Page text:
• Have an Incident Investigation checklist so you don’t forget things.
  • Tools available
  1. Accurate distance measuring device other than tape measure (Digital Range Finder)
  2. Theodolite APP $5.99
  3. Clinometer App $1.99
  • Have Canned Witness Statements
  • Have Point of Impact (POI) and Point of Rest (POR) available for pictures
  • Incident Investigation should be FACT FINDING not FAULT FINDING
  • 3 dimensional scanners are available for detailed presentations in court but they are very expensive. If you think you may need this technology talk with your insurance company regarding the specific accident and the circumstances.
  • Some areas are building elements out of dirt to reduce the amount of snow required and for summer bike use.

Email me if you want to discuss any of these topics in greater detail, by following this link to NH Region Safety Advisor…

NSAA Industry Conference — Employee Health Initiative

I attended the annual NSAA winter conference at Mt Snow, VT in January 2017, and thought that others might benefit from the notes that I gathered when attending the Employee Health Initiative session.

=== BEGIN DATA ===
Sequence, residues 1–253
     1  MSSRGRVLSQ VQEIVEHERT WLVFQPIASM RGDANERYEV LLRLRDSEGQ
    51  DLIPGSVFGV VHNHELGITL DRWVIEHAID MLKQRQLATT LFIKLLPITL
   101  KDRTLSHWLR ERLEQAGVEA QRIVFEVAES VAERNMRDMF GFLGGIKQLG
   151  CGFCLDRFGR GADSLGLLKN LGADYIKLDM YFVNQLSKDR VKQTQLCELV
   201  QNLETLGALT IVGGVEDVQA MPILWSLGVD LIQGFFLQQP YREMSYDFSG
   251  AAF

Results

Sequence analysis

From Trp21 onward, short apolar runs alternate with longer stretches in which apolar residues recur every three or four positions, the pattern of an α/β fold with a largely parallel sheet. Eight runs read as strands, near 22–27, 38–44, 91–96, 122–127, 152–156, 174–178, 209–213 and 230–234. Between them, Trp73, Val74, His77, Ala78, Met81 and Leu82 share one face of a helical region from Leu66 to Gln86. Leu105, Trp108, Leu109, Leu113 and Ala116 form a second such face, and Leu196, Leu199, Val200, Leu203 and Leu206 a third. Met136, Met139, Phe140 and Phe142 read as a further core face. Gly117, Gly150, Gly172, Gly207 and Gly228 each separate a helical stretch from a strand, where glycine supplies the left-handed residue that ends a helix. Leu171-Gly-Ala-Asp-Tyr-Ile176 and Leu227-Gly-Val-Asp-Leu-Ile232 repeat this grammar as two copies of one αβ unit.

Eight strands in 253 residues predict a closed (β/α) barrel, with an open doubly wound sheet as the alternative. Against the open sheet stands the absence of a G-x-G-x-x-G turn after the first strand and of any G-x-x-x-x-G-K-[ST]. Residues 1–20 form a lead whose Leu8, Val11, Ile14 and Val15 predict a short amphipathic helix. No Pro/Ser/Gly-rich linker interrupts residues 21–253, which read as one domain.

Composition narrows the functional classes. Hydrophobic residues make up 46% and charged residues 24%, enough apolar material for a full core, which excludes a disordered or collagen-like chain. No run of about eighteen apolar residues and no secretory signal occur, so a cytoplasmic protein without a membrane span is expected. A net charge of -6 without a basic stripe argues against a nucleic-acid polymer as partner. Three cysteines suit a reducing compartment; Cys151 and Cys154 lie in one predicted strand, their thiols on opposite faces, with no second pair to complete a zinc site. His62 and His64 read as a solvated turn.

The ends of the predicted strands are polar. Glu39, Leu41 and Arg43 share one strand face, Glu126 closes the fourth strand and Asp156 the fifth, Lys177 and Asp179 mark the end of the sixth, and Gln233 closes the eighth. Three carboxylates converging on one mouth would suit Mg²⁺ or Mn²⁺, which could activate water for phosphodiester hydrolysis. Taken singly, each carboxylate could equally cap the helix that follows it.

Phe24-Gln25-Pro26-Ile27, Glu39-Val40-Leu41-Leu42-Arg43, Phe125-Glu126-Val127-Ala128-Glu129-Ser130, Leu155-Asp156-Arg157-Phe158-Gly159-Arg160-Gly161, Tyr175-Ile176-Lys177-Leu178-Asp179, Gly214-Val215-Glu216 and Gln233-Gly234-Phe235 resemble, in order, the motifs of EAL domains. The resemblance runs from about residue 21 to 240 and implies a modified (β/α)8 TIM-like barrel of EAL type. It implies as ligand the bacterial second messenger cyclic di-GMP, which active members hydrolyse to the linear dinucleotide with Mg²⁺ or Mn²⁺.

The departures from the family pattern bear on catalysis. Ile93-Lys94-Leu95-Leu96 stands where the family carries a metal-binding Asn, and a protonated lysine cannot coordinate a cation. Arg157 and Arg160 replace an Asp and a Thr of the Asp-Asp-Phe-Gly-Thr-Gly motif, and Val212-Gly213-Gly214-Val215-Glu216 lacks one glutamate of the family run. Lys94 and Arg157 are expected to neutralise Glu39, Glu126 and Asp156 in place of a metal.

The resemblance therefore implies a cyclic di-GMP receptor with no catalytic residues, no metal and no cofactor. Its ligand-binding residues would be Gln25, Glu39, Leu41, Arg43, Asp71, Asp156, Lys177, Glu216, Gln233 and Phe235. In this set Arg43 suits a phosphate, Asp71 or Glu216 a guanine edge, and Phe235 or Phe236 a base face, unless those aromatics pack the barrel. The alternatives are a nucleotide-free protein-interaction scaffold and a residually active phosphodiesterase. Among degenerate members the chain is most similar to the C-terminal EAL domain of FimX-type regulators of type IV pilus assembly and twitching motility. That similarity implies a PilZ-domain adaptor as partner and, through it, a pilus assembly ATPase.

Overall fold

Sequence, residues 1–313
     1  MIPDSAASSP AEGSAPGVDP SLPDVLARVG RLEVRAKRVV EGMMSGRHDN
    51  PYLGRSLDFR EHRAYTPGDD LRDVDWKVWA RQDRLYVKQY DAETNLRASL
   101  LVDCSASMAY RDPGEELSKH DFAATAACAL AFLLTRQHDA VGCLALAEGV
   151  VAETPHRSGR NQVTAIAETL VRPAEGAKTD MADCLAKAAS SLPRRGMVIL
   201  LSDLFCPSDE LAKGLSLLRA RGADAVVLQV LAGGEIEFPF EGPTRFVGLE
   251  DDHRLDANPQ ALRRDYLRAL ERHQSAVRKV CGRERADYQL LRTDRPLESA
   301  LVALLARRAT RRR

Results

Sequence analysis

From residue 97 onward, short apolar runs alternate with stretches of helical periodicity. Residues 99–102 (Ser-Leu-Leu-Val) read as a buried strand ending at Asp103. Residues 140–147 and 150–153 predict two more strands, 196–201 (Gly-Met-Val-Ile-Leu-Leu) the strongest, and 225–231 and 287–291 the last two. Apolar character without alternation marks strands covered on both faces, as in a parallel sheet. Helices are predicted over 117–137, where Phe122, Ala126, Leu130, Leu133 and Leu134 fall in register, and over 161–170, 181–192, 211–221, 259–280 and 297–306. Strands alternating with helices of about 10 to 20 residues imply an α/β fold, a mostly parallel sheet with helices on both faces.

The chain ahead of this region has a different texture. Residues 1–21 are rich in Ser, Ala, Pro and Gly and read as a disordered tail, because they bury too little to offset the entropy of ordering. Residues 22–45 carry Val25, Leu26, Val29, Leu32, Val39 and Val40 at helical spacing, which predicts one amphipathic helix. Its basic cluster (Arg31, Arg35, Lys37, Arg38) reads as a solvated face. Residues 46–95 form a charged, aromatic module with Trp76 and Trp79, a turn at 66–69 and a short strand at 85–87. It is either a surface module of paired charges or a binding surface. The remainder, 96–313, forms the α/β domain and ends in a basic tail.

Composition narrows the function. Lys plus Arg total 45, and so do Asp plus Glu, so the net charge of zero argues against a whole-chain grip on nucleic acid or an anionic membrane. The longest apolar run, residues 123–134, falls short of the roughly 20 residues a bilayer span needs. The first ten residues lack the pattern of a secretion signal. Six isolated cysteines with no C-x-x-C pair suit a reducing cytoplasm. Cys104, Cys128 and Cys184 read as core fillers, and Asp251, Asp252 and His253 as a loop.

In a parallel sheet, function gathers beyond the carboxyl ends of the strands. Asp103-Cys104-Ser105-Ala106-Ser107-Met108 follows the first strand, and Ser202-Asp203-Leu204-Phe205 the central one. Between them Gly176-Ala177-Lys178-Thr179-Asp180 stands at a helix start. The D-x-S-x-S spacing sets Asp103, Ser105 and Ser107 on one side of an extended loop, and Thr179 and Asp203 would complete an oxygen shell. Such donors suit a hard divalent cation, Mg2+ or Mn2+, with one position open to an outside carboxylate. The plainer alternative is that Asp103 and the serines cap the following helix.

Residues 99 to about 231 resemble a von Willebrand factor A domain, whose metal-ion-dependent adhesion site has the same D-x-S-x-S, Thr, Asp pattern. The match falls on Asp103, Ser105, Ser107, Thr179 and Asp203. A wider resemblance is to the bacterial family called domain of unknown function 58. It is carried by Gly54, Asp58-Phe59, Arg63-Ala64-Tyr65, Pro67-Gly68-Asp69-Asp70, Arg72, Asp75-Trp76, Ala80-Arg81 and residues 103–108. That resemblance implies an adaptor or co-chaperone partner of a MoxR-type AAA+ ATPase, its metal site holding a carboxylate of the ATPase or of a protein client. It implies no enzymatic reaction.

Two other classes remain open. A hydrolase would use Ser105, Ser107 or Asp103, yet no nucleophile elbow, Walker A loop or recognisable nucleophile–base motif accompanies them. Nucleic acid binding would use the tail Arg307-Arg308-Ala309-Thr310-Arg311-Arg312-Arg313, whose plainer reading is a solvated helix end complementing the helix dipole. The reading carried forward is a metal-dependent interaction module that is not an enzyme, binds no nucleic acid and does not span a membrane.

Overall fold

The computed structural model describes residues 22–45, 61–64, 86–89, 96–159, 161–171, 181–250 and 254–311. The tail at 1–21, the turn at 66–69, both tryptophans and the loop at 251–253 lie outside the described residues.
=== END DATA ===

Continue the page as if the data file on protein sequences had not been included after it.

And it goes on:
Employee Health Initiative

  • Mandatory helmet use. All on snow employees, allow them to purchase their own, or give them a rental one each time they go out on snow. This way you do not have to purchase one as you are making it available.
  • Fit for snow program used at Smugs, for Patrol Ski School and lift operators
  1. Begins preseason
  2. Studies show a high degree of injuries around 11am and between 2-3pm probably due to low blood sugar and dehydration.
  3. Should drink 72 ounces of water daily for proper hydration if working outside.
  4. Provide healthy snacks such as fruits and energy bars